At the end of March 2007, I’d completed my first year at Musicians Institute and began my six month leave of absence to give my state grants time to kick in before I began my final six months. I’d also recently moved to Burbank after discovering its Anytown, USA charm and substantially lower rent costs. Even though I joked about spending that time sitting on my ass watching movies and playing guitar, the reality was I needed to work.
Hammering away at music can paradoxically put you off listening to music for fun, especially when you learn to analyze the song keys, chord progressions, and solos of everything that catches your ear. Podcasting became part of my regular listening habits but many shows were only weekly at the time so there was still plenty of space to fill.
One day, I was browsing through Best Buy in Burbank (when they still had a substantial music department) and I saw a display of two-disc anthology sets from a bunch of artists. Rancho Texicano: The Very Best of ZZ Top caught my eye, 38 tracks for $11.99? That was too good to resist. Like everyone, I knew the band’s mainstream singles like “Legs” and “Sharp Dressed Man” and even owned their early-90’s Greatest Hits compilation, but this set dug much deeper and introduced me to the white-hot blues of the band’s early days. The opening track, “Brown Sugar” (not the better known Rolling Stones song), had some tasty pentatonic licks in the intro which I immediately ripped off. After going over the entire album several times on my iPod shuffle while either riding the bus or working out at the gym, as is my pattern, I became fairly obsessed with the band and had to pick up all their stuff.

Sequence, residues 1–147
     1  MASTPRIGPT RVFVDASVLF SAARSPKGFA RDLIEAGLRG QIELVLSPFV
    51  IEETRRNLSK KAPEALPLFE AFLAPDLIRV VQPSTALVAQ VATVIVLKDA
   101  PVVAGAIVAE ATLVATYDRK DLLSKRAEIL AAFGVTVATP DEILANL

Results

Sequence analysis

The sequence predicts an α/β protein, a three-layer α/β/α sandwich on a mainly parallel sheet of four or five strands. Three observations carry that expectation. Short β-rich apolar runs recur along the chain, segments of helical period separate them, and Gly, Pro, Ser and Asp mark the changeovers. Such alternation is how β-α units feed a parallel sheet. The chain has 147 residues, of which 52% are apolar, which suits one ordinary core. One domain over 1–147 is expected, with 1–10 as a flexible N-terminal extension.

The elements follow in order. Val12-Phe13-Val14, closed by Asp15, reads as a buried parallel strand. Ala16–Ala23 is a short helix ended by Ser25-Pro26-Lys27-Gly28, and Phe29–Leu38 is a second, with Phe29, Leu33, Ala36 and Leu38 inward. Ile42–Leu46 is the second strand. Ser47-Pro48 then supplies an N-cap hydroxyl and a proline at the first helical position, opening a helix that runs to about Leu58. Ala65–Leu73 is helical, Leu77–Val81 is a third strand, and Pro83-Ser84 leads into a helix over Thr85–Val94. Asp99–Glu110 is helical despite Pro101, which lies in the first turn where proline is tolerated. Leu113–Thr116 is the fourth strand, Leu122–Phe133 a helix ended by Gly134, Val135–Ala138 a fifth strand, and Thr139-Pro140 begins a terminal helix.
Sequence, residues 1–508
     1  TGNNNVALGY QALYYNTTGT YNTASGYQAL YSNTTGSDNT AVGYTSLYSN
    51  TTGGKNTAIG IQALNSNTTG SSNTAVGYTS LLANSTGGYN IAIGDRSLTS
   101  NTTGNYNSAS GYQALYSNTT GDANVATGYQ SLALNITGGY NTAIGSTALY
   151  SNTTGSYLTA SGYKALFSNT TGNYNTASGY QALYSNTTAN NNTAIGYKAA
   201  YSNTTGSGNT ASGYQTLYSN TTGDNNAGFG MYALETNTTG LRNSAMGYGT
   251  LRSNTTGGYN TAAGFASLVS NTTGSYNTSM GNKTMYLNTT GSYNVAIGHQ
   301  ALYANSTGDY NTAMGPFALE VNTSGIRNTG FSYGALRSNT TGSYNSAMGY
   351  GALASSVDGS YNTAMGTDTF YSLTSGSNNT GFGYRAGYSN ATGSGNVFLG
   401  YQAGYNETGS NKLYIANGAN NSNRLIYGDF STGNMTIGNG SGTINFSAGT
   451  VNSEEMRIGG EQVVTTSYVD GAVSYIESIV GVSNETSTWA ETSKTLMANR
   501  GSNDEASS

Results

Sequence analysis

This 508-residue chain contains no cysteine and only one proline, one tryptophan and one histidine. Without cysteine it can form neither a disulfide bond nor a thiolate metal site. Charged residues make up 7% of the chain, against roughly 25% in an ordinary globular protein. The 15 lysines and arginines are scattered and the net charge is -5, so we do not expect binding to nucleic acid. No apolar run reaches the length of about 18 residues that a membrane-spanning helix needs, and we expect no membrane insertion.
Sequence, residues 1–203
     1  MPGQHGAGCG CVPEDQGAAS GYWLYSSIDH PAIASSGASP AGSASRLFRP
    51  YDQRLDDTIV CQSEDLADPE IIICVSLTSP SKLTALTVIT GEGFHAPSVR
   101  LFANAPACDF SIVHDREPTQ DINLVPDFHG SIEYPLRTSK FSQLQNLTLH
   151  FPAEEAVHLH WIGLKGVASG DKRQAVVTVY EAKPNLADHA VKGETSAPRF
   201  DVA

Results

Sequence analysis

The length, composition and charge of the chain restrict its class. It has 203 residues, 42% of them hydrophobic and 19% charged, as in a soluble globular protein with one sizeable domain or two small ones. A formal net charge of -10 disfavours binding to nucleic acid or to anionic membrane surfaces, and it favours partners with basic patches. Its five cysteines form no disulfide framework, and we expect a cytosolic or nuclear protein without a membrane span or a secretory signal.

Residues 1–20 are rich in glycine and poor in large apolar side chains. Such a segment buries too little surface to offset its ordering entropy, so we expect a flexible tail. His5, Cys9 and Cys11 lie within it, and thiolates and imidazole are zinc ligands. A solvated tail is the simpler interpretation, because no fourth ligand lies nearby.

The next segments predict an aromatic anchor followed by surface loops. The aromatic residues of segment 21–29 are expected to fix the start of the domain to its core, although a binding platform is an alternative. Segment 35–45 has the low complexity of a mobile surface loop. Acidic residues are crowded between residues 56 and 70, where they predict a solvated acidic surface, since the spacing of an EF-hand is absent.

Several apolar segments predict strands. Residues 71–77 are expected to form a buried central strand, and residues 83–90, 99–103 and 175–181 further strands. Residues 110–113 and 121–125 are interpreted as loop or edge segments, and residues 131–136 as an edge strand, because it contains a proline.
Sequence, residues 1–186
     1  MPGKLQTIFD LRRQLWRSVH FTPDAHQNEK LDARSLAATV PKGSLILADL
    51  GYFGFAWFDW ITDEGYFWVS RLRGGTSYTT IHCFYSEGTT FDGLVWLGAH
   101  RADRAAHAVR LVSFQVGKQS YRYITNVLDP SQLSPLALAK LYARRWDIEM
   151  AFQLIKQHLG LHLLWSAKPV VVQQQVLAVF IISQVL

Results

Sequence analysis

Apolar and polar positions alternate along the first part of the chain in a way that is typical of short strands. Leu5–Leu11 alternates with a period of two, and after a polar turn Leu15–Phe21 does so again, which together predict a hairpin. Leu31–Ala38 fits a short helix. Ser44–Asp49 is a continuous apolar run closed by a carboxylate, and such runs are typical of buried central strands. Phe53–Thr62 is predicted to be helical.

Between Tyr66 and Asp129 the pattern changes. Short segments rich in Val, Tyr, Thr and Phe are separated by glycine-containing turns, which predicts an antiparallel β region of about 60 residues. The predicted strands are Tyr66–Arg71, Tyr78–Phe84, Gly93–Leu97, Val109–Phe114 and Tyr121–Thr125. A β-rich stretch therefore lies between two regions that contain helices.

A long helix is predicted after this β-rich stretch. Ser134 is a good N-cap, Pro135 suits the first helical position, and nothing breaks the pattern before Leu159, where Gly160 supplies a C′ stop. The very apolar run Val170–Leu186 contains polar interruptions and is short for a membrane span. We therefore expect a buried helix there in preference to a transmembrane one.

Since they started as straight up blues rock, ZZ Top’s transition to dance-able music took many by surprise, but their distinguishable look and uptempo songs proved to be a natural fit for MTV. 1983’s Eliminator eventually sold over 10 million copies and the band kept the format for their next three albums before returning to their stripped down, blues-infused trio style. One of my favorite things about ZZ Top has always been the double entendres in their titles, undoubtedly rooted in their blues influence. “Woke Up With Wood,” “Pearl Necklace,” “Dust My Broom,” you get the idea.
That brings us to “Fuzzbox Voodoo” from my favorite of their “pop” albums, 1994’s Antenna. Here’s a bit of the lyrics:
I got down with a fuzzbox
Checking out what it could do
It was step-2, blue voodoo
Fuzzed another hour or two
Just do it man go with your hand
Once you understand
Got to do what she want to do
Sure it reads as if Billy Gibbons is talking about a distortion pedal, but we know he’s exploring a woman’s body. As I said before, one of the major appeals of ZZ Top has to be how you can dance to their songs, and this one should be issued to strippers at orientation along with “Pour Some Sugar On Me” and “Cherry Pie.” The tempo is sleazy enough, cruising comfortably along courtesy of a thumping bass line, and the words are simple enough to be dirty. If you’re a woman, crank this up and move your hips. If you’re a man, leave the dancing to the ladies.